Authors: Tad Mutersbaugh*, University of Kentucky
Topics: Social Theory, Gender, Latin America
Keywords: Mexico-Oaxaca, Gender, Financialization, Geodata, Cooperatives
Session Type: Paper
Start / End Time: 12:40 PM / 2:20 PM
Room: Johnson, Marriott, Mezzanine Level
Presentation File: No File Uploaded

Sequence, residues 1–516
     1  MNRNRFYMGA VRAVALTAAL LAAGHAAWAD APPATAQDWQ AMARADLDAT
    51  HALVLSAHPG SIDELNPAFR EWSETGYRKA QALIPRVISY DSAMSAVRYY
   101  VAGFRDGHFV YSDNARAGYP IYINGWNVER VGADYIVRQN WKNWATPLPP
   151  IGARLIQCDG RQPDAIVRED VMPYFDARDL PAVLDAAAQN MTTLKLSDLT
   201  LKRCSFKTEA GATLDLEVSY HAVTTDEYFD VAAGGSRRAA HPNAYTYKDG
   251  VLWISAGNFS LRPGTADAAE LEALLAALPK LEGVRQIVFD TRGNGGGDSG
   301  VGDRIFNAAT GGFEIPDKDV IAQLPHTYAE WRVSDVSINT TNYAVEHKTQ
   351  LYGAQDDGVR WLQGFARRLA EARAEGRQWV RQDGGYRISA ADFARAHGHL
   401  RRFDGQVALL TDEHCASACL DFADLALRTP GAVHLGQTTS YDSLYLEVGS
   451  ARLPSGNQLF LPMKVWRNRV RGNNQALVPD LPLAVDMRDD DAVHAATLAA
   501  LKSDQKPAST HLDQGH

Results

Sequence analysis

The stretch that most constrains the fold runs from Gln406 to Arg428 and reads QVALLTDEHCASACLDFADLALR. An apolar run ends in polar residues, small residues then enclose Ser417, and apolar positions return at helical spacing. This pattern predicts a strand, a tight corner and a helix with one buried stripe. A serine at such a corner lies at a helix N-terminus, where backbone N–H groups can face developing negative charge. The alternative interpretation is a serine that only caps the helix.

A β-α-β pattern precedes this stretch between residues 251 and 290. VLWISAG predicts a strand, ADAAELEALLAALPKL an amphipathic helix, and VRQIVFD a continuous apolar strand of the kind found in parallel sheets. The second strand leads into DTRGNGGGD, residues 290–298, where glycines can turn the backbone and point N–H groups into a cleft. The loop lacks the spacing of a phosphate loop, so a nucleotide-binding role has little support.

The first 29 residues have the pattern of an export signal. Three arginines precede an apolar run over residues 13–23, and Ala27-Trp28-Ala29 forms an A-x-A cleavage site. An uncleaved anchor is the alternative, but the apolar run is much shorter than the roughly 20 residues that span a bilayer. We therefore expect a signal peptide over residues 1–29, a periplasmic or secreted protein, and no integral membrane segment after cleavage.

The expansion of data production in rural areas has received a significant push from efforts by farmers’ cooperatives due to the changing economies of value production. Using research on a large Mexican coffee producers’ union, I will argue that the steady deterioration – and occasional steep decline – in commodity prices has caused producer unions to seek new sources of income, sources that depend upon production of geodata, quality data, and financial data. Three data-driven income sources covered in this presentation include higher-quality specialty markets, environmental services income, and state-sponsored production assistance. Each income source requires the production and ordering of personal data and exerts differential gender effects due to gendered differences in farming. ‘Qualities’ payments require qualities data (gourmet, fairtrade, organic, biodiverse): gender has even become a quality in the case of women-grown coffee. Environmental services payments depend upon geocoded environmental data that demonstrates, for instance, carbon density and species richness, in which the drive to ecological ‘improvement’ may pressure women’s cultivation strategies. Production subsidies depend upon data production and registration, each of which may exclude those, often women, without official documents. This presentation will explore the material and ethical implications of these novel data production efforts, and their impacts on gender equity.